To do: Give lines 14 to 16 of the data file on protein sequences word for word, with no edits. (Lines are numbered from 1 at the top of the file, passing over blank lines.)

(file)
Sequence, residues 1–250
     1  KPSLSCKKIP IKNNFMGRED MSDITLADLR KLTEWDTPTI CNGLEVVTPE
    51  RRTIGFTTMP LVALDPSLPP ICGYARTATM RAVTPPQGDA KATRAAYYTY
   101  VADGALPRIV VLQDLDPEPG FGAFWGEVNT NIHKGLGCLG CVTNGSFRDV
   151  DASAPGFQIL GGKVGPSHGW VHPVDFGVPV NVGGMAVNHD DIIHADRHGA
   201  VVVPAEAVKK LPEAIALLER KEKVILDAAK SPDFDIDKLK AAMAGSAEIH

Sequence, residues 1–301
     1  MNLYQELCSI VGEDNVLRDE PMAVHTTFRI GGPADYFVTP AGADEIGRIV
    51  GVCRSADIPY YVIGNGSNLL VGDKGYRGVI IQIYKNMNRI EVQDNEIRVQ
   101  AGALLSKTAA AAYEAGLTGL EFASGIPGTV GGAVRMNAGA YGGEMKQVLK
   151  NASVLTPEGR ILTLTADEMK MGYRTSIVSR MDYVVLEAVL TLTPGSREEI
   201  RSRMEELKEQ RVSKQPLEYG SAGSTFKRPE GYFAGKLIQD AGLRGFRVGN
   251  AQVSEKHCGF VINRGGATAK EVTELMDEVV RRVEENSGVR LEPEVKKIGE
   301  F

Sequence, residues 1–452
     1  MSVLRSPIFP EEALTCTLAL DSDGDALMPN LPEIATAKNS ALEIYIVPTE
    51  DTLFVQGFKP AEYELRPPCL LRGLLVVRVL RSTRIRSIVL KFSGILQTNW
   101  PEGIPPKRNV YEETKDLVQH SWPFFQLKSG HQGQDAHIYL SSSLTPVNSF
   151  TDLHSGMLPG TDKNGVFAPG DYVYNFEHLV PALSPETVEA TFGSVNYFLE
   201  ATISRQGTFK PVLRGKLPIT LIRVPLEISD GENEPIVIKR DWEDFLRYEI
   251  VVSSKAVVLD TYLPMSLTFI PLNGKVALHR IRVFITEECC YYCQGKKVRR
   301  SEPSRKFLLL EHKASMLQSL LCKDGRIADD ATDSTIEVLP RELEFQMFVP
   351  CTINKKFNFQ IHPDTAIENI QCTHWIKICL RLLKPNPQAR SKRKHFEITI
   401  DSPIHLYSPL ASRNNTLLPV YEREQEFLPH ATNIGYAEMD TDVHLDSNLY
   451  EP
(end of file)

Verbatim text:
   301  F

Sequence, residues 1–452
     1  MSVLRSPIFP EEALTCTLAL DSDGDALMPN LPEIATAKNS ALEIYIVPTE